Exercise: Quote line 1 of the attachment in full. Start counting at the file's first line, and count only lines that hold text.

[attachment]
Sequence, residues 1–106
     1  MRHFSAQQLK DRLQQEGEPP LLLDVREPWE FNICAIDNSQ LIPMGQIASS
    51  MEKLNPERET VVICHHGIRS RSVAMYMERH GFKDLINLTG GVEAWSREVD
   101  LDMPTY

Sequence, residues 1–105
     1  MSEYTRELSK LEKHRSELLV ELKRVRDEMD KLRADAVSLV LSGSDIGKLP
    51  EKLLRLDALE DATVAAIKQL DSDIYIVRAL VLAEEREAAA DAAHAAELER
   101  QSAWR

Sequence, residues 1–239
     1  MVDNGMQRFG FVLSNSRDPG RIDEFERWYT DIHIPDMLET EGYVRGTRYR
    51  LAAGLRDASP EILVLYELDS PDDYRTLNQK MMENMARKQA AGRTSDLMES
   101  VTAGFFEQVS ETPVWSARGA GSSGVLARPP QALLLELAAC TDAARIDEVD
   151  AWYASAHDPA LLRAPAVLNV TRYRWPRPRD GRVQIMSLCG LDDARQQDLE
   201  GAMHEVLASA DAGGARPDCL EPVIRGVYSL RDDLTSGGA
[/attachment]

Sequence, residues 1–106